Many solutions do not produce the desired result because the question to which the solution answers is incorrectly asked. Finding the right question doesn’t have to be hard.

The law to increase the caregiver-patient ratio of enhanced service housing to 0.7 caregivers per inhabitant is a good example. The initial problem was that institutional care was neglected due to too few medical staff. The issue became one of the key themes in the 2019 parliamentary elections in Finland, and the law on raising the caregiver-patient ratio was passed in June 2020.

It is important to note here that there is a limited number of caregivers in Finland and there is a considerable delay in increasing the number through schooling. When the ratio is given by the force of law to only one object, it is clear that in this case the caregivers are obliged to move from other objects to service housing. This means e.g. a significant decline in the level of home care service. As a result, the chances of those in need of care to cope in their own homes are declining and the demand for institutional care is likely to increase. Considering that institutional care is significantly more expensive than home care, the result is an increase in total costs.

If the question is asked whether institutional care should be adequately resourced, the answer is, in the opinion of most, yes. If, on the other hand, the question is asked whether the level of home care service should be reduced, the answer is correspondingly no. A better setting of the issue here would be how to distribute the existing care staff between the different service areas in an equitable and cost-effective way, taking into account the indirect effects.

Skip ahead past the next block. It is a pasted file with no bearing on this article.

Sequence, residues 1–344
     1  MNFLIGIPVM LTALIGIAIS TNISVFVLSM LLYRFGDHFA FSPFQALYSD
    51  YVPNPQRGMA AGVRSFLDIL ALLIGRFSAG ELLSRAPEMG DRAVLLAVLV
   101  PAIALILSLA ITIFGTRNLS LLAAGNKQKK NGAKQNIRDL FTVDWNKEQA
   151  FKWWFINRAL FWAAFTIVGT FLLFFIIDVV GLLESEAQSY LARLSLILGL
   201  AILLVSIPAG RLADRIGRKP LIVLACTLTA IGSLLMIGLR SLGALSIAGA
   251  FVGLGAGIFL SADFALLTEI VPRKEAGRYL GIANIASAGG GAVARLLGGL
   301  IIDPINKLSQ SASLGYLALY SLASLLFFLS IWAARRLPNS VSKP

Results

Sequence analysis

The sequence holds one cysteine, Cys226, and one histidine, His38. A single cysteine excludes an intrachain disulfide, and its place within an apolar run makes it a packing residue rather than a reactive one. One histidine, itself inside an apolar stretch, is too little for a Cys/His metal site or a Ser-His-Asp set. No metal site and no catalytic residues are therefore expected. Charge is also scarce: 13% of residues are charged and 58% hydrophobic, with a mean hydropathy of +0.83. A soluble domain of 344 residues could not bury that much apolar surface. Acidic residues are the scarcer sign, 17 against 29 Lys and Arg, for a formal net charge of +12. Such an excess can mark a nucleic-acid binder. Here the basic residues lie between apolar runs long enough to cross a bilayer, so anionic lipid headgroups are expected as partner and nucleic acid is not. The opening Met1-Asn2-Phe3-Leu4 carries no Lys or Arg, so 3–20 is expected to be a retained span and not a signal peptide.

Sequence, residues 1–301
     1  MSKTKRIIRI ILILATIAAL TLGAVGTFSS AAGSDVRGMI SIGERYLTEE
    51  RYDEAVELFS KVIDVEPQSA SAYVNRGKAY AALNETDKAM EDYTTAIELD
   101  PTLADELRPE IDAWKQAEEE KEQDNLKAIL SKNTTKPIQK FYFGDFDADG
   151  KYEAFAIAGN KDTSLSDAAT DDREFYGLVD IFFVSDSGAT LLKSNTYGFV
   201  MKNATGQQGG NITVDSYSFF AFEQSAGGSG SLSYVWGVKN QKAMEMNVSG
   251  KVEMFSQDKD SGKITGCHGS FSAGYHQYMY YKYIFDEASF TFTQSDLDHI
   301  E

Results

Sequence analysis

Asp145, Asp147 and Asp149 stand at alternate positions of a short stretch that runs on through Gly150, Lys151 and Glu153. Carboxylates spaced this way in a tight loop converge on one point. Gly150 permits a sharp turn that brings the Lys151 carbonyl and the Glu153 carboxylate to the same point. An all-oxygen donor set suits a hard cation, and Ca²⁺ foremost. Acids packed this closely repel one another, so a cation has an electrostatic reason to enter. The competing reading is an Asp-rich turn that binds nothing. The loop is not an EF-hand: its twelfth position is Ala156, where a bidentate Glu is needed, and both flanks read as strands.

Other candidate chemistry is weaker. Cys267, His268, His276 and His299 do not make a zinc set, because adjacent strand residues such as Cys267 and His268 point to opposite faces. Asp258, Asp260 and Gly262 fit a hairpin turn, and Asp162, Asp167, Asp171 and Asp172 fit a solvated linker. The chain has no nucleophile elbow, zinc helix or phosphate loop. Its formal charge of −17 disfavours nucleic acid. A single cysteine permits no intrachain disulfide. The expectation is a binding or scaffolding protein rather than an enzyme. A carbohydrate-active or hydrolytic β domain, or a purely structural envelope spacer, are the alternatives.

Understanding the whole requires the expertise of people from different fields

The difficulty in finding the right question is that social systems are complex entities in which things interact through complex cause-and-effect chains and time delays. Often the problem to be solved is just a symptom, in which case the solution also seeks to correct only the symptom and not the real underlying problem. The solutions chosen in this way are often not effective measures for the whole.

The real problem, and with it a more efficient layout of the question, is achieved by mapping the whole of the cause-and-effect chains of the system. The challenge here is that individual managers and experts usually see the whole only from the perspective of their own job description. It is essential that the perspectives of all relevant job descriptions and an understanding of the factors influencing the practical work are combined in forming the overall picture.

Once the overall picture of the internal and external domain has been formed, it can be used to assess the effects of the proposed solutions by monitoring the cause-and-effect chains following the change. This substantially reduces the risks associated with decisions from the perspective of both the organization and decision makers. Another advantage is also visible: the causes and effects of the chosen solutions are easily rationalized to different stakeholders. This way the internal resistance of the solution in the organization is typically lower.